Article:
The following description gives an explanation of how principal components analysis can be computed. The actual algorithm described below is not used in any standard program, but the commonly used algorithms can only be explained using mathematical concepts from linear algebra.
Computing the first component
Each component is created as a weighted sum of the existing variables. PCA starts by trying to find the single component which best explains the observed correlations between the variables.
Consider the following three variables:
The correlation matrix of the three variables is:
Note that there are moderate-to-strong correlations between all of the variables. Thus, any underlying component must be correlated with all the variables. A first guess then is that our new component could simply be the sum of each of the existing variables:
\(Component = 1.0 \times v1 + 1.0 \times v2 + 1.0 \times v3\)
The resulting component matrix, which shows the correlation between each of the variables and the computed component, is then:
These correlations are all very high and thus our estimated component is a pretty good component. However, it can be improved. Looking again at the correlation matrix, reproduced below again, we can deduce that our original guess of giving equal weights to the different components was a touch naïve. Note that v2 has the highest average correlation with all the variables. Thus, if we were instead to give a higher weight to v2 when estimating our component we will likely end up with marginally higher correlations with all the variables. Similarly, note that v3 has the lowest average correlation, and thus by the same argument it should be given a lower weight.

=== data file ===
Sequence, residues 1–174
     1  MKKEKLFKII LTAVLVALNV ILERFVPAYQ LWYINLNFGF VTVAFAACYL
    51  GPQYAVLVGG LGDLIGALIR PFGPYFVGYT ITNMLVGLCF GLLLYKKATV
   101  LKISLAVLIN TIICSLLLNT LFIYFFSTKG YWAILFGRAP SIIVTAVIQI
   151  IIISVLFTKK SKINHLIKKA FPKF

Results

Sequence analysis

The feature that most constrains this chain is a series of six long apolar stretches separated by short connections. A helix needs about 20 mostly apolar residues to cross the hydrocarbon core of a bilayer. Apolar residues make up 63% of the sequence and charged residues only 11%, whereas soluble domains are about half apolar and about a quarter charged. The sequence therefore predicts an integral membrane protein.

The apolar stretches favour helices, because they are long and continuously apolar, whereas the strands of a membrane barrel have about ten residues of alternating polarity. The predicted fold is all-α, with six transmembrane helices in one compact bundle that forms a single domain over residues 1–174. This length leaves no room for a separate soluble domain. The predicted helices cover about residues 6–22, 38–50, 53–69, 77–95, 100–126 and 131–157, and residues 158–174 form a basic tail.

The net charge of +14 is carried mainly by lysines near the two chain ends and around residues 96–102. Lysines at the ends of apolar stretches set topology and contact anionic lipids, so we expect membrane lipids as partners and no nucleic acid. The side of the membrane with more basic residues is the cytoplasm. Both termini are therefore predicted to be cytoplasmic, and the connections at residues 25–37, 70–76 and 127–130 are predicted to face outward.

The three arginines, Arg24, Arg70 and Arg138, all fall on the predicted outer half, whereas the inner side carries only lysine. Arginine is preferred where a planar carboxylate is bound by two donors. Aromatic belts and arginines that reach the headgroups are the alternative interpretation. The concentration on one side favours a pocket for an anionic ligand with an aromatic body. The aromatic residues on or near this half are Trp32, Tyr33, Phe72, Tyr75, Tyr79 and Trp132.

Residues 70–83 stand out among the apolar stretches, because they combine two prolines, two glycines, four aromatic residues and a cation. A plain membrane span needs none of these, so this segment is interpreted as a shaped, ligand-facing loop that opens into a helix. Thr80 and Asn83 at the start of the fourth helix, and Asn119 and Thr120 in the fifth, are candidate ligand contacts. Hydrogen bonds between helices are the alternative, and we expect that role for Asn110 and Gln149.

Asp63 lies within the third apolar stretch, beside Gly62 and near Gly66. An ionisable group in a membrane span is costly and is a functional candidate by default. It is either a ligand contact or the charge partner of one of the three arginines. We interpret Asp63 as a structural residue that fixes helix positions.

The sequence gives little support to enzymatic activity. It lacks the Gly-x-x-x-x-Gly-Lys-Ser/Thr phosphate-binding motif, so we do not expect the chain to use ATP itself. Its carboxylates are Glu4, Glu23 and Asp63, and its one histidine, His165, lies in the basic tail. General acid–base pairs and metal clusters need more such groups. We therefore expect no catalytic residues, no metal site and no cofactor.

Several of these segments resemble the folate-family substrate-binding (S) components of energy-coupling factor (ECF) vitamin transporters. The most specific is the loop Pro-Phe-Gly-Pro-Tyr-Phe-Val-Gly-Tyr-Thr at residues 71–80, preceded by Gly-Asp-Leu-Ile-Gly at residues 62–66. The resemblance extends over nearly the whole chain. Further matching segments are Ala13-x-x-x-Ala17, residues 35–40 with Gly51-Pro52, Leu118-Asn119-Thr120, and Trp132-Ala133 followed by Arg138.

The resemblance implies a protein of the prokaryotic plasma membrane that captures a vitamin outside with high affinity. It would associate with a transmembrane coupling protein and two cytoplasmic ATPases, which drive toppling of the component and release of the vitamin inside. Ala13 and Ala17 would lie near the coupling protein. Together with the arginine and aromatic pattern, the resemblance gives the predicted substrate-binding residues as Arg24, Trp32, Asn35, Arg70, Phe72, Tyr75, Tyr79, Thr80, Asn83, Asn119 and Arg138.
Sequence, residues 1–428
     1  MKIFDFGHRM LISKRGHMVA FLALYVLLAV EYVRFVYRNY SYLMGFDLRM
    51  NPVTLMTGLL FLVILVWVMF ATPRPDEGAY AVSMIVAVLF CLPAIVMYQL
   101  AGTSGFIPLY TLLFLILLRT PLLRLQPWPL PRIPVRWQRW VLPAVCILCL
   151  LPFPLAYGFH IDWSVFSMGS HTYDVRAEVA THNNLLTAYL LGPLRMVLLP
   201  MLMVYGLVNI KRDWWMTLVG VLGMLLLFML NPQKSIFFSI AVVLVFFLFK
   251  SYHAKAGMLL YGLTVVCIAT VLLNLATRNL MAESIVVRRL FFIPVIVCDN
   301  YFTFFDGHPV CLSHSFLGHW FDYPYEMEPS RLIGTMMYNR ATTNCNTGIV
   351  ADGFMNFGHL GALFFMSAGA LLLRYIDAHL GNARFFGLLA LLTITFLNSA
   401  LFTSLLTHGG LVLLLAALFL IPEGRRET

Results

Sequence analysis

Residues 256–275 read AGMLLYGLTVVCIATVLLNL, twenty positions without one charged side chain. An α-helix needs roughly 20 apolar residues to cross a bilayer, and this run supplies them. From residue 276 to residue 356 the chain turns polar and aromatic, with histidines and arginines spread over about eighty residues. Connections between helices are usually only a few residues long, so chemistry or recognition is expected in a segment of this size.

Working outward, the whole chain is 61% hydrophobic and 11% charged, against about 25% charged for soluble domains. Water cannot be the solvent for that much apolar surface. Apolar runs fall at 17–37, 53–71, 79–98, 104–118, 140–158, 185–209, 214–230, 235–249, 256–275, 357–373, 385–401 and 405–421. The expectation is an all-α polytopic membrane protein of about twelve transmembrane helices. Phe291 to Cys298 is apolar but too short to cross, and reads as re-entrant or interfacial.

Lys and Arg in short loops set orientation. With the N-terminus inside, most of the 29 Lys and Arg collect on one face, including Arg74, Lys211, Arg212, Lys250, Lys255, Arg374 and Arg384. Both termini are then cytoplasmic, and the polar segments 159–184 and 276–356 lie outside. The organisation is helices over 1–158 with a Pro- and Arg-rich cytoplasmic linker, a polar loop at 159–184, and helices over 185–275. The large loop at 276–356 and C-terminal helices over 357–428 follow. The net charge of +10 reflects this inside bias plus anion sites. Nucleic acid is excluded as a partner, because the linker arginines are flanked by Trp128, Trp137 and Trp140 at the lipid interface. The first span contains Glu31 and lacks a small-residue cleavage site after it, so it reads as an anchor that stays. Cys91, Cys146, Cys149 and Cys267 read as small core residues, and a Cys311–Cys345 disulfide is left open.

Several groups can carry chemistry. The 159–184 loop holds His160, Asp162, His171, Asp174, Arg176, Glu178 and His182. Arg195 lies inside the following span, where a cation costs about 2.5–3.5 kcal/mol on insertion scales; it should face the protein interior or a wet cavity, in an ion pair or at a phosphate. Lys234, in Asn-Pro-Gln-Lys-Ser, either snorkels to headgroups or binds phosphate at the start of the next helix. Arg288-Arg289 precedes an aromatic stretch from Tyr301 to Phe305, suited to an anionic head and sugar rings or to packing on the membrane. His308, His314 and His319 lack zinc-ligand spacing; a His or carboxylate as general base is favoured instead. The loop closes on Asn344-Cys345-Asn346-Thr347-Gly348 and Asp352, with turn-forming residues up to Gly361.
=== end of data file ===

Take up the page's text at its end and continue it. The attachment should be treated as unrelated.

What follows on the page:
Using trial and error, we can deduce that the optimal formula for computing the component is:
\(Component = 1.0 \times v1 + 1.086 \times v2 + 0.866 \times v3\)
Note that we have not multiplied v1 by anything other than 1. This is because the numbers that are multiplied by the other variables are relative to v1 having a weight of 1. If we were to put a weight other than 1 next to v1 we would then have to multiply each of these other weights by this number. For example, the following weights are the ones generated by SPSS (and shown in the Component Score Coefficient Matrix) and you can see that their relativities are the same:
\(Components = 1.0 \times v1 + 1.086 \times v2 + 0.866 \times v3\)
Computing the remaining components
The next component is computed as follows:
- Regression is used to predict each variable based on its component.
- The residuals of the regression model are then computed.
- The correlation matrix is computed using the residuals.
- The same basic process as described above is performed to create a second component.
- These steps are then repeated until the number of components is equal to the number of variables.
Typically, Varimax Rotation is performed to aid interpretation.